The U.S. Supreme Court has been comprised of nine justices since 1869. However, some U.S. senators and presidential candidates want to change this 150-year precedent to suit their immediate political goals.
Five Democratic senators sent a letter to the Court last month urging the justices not to consider a Second Amendment challenge to a gun law in New York. Members of Congress often write letters to the Court to make arguments in particular cases, but this letter crossed a line. The senators went so far as to suggest restructuring the Court if it failed to meet their demands. This threat was a direct challenge to the independence of the Court.
This warning seems to be part of a larger pattern. Seven current Democratic candidates for president have said they would be open to adding seats to the Supreme Court in order to change its ideological balance – a practice known as “court packing.” In addition, 11 of the Democratic candidates support or would consider imposing term limits on Supreme Court justices. These short-sighted talking points are irresponsible and unnecessary.
Democracy Requires an Independent Judiciary
I signed a letter along with all of my Republican Senate colleagues in response to these efforts to improperly influence the Court. We urged the justices to rule as the law dictates and to not be “cowed by the threats of opportunistic politicians.” We also assured the Court that we would defend it from court packing and other attempts to undermine an independent judiciary.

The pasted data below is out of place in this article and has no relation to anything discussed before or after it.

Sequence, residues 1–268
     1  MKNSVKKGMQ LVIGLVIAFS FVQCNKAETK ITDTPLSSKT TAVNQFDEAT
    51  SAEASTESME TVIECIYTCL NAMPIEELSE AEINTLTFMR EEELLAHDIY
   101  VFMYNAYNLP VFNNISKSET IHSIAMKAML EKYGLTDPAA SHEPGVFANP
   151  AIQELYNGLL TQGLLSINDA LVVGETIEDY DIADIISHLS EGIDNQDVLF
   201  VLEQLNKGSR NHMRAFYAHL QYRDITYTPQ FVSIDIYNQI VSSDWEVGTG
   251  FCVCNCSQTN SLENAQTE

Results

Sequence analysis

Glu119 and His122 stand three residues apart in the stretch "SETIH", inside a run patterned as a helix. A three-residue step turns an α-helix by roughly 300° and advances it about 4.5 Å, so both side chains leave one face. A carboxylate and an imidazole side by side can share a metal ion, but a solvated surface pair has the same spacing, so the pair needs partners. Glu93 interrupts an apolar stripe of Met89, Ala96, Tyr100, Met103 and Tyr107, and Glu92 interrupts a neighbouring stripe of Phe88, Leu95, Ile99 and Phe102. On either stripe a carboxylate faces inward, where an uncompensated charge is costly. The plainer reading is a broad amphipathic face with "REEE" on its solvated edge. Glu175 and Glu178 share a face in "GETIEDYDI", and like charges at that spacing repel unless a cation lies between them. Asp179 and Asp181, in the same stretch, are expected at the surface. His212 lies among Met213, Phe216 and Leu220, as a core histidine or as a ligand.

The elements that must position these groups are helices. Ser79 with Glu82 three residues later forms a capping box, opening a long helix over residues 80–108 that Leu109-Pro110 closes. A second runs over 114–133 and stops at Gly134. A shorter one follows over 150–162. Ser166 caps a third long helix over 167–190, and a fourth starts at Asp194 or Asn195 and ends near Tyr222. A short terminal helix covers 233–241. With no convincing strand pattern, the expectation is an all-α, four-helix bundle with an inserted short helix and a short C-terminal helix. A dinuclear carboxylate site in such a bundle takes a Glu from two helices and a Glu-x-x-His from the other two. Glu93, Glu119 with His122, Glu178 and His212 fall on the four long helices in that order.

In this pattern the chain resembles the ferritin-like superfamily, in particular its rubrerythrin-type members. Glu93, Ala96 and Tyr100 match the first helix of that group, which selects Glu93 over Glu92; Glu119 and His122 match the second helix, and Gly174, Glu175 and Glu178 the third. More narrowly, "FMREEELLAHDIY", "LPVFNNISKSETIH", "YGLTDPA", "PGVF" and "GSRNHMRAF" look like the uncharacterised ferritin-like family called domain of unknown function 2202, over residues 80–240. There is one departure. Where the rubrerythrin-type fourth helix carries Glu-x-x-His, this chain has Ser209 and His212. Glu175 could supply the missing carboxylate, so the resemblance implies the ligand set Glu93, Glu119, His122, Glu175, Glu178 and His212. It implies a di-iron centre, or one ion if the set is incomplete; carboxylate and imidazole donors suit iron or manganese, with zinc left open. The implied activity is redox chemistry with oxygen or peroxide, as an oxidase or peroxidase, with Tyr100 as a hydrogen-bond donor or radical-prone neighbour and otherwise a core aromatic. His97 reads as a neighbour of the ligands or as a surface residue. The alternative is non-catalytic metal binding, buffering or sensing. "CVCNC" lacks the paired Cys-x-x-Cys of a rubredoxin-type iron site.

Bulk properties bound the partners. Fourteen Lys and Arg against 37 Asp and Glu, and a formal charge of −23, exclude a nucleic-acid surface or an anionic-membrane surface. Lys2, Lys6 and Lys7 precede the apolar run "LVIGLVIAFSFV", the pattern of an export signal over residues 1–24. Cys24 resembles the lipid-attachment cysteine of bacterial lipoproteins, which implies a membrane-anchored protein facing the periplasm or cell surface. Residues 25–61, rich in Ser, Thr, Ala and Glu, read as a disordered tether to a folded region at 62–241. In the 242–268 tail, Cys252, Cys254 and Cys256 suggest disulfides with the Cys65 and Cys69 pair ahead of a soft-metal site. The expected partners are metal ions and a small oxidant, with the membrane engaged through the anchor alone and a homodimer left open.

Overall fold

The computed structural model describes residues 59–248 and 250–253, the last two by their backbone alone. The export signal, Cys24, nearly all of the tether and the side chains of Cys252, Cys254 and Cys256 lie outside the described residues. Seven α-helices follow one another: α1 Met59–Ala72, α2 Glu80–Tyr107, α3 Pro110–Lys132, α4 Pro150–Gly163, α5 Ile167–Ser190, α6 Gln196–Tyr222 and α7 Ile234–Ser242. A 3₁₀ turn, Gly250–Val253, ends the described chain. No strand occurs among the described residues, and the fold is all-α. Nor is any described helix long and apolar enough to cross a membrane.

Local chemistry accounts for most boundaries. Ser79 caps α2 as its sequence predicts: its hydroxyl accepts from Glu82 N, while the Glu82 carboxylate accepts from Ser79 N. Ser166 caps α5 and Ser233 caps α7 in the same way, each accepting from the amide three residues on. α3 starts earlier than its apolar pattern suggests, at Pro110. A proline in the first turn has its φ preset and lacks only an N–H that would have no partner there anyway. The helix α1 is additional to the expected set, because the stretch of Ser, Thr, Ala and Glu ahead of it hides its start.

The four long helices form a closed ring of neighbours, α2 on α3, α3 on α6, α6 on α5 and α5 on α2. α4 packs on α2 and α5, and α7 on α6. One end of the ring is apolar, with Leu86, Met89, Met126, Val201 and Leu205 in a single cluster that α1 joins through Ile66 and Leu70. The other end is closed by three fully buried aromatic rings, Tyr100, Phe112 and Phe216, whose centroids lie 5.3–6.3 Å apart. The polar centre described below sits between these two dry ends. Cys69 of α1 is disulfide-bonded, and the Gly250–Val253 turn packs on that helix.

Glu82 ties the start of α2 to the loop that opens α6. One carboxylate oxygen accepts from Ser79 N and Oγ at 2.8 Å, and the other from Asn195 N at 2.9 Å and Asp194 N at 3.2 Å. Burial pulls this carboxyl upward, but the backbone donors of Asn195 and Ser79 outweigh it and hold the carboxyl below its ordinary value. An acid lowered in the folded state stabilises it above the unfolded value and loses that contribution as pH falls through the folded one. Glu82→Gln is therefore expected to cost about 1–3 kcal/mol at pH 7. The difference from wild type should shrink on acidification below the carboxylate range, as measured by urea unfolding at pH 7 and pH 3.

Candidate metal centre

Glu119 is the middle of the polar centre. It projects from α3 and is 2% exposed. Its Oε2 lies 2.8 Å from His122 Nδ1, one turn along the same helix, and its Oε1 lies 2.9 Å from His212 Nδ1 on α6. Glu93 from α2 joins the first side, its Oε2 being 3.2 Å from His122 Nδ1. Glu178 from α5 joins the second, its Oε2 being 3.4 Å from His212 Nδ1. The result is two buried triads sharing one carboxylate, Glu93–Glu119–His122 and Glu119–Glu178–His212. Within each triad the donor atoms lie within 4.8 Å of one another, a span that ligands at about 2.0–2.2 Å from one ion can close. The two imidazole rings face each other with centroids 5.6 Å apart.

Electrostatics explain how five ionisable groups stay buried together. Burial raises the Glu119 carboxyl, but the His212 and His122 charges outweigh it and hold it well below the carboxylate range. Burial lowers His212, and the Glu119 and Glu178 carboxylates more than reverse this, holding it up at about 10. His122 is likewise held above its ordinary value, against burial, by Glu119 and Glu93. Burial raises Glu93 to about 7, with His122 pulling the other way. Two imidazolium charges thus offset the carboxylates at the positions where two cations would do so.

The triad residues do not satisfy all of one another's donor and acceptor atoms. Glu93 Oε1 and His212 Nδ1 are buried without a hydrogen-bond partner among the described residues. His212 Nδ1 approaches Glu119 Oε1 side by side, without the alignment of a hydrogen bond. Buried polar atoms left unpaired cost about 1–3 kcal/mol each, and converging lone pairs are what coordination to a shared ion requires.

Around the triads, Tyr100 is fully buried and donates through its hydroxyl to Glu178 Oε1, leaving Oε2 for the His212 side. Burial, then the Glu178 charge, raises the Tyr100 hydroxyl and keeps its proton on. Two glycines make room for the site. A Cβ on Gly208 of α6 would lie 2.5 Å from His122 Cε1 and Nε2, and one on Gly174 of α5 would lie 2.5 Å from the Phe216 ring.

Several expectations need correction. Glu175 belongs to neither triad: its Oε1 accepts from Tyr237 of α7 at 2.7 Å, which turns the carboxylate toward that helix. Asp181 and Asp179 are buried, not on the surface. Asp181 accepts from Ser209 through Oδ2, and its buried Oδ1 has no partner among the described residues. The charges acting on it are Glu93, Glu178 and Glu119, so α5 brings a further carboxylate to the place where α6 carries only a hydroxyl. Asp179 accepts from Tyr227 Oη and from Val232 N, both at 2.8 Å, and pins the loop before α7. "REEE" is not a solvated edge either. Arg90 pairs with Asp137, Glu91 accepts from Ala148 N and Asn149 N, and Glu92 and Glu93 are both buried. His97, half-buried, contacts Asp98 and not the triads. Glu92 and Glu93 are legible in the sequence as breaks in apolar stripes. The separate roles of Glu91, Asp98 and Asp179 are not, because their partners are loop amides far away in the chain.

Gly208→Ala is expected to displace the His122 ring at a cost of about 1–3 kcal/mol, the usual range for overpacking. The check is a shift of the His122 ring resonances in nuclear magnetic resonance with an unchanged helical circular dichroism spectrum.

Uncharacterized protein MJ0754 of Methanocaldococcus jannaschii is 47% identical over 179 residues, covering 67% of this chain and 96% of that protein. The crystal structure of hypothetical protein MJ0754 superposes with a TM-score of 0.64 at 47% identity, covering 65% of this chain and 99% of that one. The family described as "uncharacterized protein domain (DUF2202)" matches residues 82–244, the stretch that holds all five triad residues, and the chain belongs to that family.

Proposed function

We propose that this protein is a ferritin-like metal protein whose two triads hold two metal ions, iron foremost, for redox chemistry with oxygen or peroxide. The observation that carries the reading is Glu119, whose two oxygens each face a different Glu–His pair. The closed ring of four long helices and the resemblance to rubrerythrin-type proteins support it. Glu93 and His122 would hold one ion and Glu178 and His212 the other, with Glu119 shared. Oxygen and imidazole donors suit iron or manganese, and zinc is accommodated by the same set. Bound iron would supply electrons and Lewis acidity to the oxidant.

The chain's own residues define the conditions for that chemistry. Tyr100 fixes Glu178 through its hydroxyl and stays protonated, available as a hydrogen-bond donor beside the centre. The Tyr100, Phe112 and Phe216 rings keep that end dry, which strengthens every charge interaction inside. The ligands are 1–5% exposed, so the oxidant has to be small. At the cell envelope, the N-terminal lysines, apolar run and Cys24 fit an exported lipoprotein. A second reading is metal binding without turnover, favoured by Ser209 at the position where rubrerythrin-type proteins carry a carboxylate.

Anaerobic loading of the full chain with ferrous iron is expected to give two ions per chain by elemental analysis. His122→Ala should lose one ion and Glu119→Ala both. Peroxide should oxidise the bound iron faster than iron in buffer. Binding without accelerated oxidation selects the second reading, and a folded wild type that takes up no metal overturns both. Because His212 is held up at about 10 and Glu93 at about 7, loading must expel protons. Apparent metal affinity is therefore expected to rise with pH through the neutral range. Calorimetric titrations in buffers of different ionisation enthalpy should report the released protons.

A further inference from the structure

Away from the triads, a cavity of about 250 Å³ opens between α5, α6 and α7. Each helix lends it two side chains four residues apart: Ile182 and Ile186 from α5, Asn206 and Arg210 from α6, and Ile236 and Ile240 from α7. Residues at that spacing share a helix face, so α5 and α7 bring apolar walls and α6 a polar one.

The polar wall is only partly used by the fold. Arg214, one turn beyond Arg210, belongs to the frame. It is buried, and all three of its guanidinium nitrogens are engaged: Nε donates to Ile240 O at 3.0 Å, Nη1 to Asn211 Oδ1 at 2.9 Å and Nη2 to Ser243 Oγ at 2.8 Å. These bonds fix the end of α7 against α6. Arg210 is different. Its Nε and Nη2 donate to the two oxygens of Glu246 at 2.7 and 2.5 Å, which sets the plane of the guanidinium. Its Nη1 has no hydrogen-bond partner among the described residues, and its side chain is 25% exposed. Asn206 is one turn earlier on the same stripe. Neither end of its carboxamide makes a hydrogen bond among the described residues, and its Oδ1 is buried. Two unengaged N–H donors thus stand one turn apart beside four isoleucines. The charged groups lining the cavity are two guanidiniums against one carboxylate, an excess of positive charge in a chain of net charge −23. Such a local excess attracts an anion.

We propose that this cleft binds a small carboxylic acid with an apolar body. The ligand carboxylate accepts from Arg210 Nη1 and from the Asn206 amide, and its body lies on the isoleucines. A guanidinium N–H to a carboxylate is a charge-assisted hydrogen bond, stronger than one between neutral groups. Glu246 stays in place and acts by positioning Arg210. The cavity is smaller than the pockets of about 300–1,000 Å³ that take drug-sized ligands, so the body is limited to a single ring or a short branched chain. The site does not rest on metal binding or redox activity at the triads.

The independence of America’s courts from political influence is one of the defining features of our system of government. The Founding Fathers understood the need for checks and balances. They gave members of the Court lifetime appointments in order to ensure justices ruled based on the law and not the political mood of the moment.
The Court has not always been right, and I have disagreed with many of its decisions. However, over the course of our history, the success of the American model of separation of powers has prevented overreach and made our democracy an example to the world.
Confirming Judges the Constitutional Way
Rather than attempting to force the Court’s hand, Republicans have worked within the constitutional system. In fact, the Senate recently confirmed the 150th federal judge appointed by President Trump. These judges have proven records of interpreting the law as written and will help shape the courts for years to come.
Democrats in Congress and those running for President may be frustrated by Republicans’ success in confirming judges, but it is no excuse to repeat the mistake of the last president who attempted to pack the Supreme Court.
In 1937 President Franklin D. Roosevelt proposed legislation to increase the number of justices to as many as 15 in order to prevent a majority from ruling against the expansion of his presidential powers. Roosevelt’s proposal was deeply unpopular and was never enacted by Congress. Historians have criticized this attempted power grab as one of the worst actions by our longest-serving President.
Court packing was a bad idea then and is still a bad idea today. Those who believe in an independent judiciary will not let it happen.